The feedback for the last major iteration was largely positive, and it seems like we are on the right track. But we ran into a paradox.
We believe that the new tab screen should have two main functions: (A) To show you the sites you are most likely to be interested in going to, and (B) to not distract you. That’s the paradox: by design success is when the pages we show are maximally interesting/distracting, but an explicit goal is to not interrupt your flow.
This iteration focuses on solving that paradox by proposing a solution that we’ve dubbed “the cognitive shield”.
The Cognitive Shield
No matter where we put the links to your most visited sites (and their latest news), it always seemed to be a distraction, based upon our own perception and the feedback from thousands of testers. Given that the bulk of those testers are multi-tasking-adept early adopters, we’d expect that feedback to be even stronger from more mainstream users. Our original thought was to place the links along the bottom of the page — outside your foveal vision. In practice, the peripheral vision proved too strong, and the links still drew your eye and interrupted your cognitive flow.
The cognitive shield hides the distractions until you move the mouse. Then the links fade in quickly.
Here’s the thinking:
If you are typing a destination into the navigation bar, then your locus of attention is on the place you are trying to go — so we should stay politely out of your cognitive way. On the other hand, if you are using the mouse than you will probably benefit from the mouse-based navigation aid, so show it.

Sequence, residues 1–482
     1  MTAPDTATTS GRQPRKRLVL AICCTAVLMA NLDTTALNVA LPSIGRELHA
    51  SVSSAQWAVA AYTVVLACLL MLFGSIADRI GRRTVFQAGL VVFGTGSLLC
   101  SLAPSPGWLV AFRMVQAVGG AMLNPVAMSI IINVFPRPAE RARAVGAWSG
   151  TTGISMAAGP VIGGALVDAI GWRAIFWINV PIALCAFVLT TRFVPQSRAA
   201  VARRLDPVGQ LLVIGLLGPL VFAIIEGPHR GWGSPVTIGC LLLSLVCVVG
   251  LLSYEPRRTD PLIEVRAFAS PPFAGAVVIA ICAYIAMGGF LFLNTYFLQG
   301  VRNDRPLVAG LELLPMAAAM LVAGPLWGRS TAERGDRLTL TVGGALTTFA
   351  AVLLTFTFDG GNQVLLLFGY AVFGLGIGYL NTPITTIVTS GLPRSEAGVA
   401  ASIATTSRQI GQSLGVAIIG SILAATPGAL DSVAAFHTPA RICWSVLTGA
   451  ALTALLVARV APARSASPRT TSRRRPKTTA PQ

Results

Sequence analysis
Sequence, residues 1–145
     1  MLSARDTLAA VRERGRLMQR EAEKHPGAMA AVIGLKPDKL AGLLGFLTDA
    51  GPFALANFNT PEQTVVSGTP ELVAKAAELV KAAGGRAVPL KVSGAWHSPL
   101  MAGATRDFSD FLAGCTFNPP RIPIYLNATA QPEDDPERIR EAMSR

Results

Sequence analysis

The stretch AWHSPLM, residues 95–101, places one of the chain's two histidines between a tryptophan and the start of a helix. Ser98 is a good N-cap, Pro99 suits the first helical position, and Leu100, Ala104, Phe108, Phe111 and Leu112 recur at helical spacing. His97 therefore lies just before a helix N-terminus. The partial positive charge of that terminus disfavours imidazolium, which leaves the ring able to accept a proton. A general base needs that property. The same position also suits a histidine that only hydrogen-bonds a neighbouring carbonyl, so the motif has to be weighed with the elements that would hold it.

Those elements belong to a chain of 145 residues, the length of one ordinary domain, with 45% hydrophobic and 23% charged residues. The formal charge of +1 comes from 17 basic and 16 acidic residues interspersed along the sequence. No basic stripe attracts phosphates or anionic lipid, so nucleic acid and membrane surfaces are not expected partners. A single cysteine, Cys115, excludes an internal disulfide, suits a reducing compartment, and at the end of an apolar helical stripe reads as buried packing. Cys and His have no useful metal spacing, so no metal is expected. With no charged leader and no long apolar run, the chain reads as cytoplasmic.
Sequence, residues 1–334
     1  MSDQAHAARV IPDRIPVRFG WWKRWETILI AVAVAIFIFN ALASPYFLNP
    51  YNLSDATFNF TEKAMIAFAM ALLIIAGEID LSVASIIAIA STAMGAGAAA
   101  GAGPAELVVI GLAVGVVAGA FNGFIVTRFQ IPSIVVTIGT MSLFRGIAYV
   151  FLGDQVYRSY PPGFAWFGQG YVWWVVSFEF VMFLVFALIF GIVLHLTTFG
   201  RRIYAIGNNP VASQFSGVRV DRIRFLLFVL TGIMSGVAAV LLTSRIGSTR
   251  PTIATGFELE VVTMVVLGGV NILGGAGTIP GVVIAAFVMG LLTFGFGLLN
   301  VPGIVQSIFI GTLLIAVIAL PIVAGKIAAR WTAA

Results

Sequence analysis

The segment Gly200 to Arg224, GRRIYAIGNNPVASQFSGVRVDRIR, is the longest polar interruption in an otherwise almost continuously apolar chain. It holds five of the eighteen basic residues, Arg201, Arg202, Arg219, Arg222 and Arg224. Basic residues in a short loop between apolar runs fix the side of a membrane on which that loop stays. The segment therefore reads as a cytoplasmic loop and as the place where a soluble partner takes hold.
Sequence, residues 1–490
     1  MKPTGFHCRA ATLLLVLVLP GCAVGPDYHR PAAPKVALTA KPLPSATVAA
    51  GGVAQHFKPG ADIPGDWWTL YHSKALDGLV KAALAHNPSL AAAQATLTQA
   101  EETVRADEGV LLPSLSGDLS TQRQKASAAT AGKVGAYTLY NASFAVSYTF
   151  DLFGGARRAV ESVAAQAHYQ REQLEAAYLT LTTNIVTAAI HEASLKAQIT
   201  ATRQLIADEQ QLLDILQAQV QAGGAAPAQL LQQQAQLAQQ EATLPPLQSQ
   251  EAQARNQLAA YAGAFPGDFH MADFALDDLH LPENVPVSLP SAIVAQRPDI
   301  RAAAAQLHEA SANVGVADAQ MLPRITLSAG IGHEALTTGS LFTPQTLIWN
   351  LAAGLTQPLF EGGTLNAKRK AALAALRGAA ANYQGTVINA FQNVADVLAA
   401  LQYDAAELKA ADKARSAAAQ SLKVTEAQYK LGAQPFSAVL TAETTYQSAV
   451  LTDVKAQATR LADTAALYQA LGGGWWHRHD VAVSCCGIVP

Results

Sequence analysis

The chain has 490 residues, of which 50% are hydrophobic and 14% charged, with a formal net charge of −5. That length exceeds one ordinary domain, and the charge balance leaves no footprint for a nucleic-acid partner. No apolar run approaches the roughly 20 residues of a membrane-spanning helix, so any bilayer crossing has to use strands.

Whether you are using the mouse is a good indicator of whether you are in a cognitive flow or not. That realization resolves the paradox: the links are there when you need then, and not when you don’t.
The design of the cognitive shield is a ring of 8 circles, each containing one of your top-visited sites. We think of it as a personal watermark.
We went through a number of metaphors for the cognitive shield.
Instead of a metaphor which always strains — what symbol represents frequently used sites? — we went for an abstract glyph.
There are a couple more features we’re in the process of adding. In particular: The ability to manually add a site is entirely broken. There’s no way to change the total number of frequently visited sites shown. There may still be encoding problems for non-roman scripts. Middle-clicks may be broken. The visual style needs a refresh. And the sites don’t remember their new positions post restart.
Testing the Prototype of New Tab
Step 1. Download and install the latest development build of Firefox 3.1.
Step 2. Download and install the latest version of the New Tab prototype.
Step 3. Let us know what you think, including what works, what doesn’t and how we can improve the design.
— Aza Raskin, for the “New Tab” team